Aboard Northrop Grumman’s RV Sperry Star III, aplatform for research and development, product testing and operation training that was docked on the Potomac River outside of the convention center, Dan Markowski stood before a radar test display to speak about his 42 years of engineering experience to a group of Sea Cadets who had traveled from Lebanon, Pa., for the exposition.

In the STEM Expo exhibit hall, John Ingram and Matthew Russell shared their experiences first as members of the RoboBees robotics team from St. Mary’s County, Md., and then as mentors to the team as they went into higher education and the professional world.

Ingram is about to graduate the University of Maryland at College Park and will soon be working at Patuxent River Naval Air Station, Md., where he has been interning. Russell, a graduate of the College of Southern Maryland, is working as a contractor at Patuxent River.

The computer-aided design, programming and electronics work, among other disciplines, that they learned and practiced as part of the robotics team are now being put to real-world use. Now as mentors, they said they were hoping to help other students make that similar kind of connection.  

The STEM Exposition also featured the debut of the Huntington Ingalls Industries Newport News Shipbuilding Mobile Experience, a high-tech traveling classroom in a trailer. Parked outside the convention center, the Mobile Experience can serve as a digital trainer for shipyard employees with touch-screen work stations, digital drawings and advanced software, as well as a traveling exhibit to school to show students advances such virtual reality and 3-D modeling.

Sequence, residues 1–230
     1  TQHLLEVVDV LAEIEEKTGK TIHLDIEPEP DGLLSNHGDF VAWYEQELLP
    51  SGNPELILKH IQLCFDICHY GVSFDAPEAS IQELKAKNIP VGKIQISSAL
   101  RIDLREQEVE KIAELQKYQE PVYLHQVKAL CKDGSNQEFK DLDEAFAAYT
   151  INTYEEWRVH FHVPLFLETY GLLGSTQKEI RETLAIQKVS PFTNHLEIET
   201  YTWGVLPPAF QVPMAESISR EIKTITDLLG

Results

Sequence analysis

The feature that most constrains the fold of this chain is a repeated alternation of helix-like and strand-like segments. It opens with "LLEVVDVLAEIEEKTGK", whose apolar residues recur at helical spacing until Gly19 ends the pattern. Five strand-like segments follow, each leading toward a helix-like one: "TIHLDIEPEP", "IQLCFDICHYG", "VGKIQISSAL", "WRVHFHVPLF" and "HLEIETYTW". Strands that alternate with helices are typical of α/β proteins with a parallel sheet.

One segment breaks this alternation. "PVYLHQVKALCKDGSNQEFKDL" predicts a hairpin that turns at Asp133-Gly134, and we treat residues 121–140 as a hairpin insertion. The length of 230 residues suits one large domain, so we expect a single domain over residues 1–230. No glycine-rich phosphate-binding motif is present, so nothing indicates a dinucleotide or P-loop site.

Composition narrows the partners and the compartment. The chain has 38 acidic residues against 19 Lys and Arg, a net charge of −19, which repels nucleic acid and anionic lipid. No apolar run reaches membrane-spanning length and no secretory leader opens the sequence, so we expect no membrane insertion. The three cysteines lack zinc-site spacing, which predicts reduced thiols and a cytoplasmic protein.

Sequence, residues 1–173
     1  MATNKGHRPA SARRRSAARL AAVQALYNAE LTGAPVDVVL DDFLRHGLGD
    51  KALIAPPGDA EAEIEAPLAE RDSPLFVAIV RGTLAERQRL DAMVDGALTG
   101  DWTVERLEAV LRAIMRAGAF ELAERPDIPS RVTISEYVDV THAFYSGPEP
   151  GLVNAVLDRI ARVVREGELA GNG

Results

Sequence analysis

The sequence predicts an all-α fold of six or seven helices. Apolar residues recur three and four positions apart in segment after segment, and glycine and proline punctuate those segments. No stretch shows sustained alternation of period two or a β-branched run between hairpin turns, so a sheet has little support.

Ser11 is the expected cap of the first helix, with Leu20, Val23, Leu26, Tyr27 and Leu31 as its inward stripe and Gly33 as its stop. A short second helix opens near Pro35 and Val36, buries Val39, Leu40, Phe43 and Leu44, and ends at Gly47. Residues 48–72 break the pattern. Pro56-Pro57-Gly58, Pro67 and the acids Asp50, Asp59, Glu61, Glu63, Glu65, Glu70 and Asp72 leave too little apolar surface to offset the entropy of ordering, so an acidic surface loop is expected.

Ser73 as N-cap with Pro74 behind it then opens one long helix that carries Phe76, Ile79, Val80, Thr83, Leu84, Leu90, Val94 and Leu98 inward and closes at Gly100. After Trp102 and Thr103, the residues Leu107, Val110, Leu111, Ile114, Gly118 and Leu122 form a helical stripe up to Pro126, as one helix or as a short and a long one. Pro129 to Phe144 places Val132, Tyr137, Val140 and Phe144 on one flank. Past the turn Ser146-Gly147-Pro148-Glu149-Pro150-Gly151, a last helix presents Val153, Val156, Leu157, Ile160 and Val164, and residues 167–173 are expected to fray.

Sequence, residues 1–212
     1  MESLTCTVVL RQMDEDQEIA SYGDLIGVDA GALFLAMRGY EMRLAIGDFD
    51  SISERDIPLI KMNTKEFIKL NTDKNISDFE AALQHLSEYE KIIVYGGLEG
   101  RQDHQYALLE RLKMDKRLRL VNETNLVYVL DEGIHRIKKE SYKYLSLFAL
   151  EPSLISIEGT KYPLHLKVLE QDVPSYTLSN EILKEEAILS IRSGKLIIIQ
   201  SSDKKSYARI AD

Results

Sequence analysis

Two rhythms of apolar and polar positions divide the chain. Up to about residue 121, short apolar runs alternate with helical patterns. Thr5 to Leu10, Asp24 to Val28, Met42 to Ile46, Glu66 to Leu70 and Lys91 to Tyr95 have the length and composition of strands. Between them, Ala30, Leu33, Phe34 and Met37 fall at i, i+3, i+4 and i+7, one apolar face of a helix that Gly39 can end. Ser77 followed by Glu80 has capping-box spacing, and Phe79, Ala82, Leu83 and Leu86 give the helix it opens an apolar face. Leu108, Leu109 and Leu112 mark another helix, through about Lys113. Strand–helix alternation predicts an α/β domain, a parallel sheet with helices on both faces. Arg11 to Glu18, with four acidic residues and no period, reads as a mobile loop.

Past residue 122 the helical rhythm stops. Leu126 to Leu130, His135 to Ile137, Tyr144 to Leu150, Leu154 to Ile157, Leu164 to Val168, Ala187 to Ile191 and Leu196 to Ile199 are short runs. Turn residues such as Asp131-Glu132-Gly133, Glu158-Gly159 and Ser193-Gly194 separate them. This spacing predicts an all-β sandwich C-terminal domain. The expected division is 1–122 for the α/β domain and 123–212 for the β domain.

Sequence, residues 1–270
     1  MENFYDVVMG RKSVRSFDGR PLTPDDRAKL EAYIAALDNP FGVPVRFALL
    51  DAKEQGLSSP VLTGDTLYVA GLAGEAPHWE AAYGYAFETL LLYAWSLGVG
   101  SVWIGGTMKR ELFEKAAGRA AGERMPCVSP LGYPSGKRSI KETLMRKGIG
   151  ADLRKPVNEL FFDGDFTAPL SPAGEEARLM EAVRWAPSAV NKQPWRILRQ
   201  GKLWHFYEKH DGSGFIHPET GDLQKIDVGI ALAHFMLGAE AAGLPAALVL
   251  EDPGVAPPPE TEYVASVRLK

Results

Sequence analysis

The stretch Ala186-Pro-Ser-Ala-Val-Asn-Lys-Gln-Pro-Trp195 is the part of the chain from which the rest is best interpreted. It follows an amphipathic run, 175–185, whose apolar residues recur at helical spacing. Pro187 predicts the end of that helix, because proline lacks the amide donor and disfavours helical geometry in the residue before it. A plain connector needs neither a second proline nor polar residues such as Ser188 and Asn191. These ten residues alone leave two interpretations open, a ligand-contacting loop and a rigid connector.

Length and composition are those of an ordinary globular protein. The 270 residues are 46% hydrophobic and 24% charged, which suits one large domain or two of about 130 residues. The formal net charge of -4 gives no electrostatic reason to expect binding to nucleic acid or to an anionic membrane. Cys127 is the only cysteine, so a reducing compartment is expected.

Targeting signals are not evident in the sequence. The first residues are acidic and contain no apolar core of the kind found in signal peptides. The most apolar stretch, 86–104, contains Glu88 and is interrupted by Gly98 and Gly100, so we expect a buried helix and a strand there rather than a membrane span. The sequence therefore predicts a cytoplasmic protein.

Middle-school student Jonas Knudson took a turn with the “Hololens” head-mounted display to get a glimpse of augmented reality engineering. “This is really amazing” he said as he virtually explored a ship’s interior.

“The Navy League’s mission and desire is to put science, technology, engineering and mathematics into the minds of America’s youth and to instill interest in developing basic skill sets to garner these career opportunities through events like the STEM expo. This is the place to begin making those connections,” David Todd, national president-elect and a STEM educator in Portland, Ore., said during the introductory remarks.

Following the remarks, Hahn was joined by Navy League National President Skip Witunski and Todd to present the Alfred A. Michelson Award to Clifton E. “Gene” Athon Jr. for being a “fundamental force” in deploying modern naval nuclear fuel technologies that has led to the current capability for fueling the nuclear navy. The Michelson award honors a civilian scientist, technical innovator or technical organization for scientific or technical achievement that results in a significant improvement in the strength of U.S. maritime forces or to the enhancement of our industrial technology base.

In accepting the award, Athon, who collaborate closely with scientists at Knolls Atomic Power Laboratory and Bettis Atomic Power Laboratory, noted “knew early one I wanted to be an engineer, didn't know where that was going to be taking me, but I wanted to make a different. I feel that I have made some difference in the world.”

It is now up to the generation of students represented at the STEM Exposition, he added, “to make a difference” of their own.

Navy League STEM Expo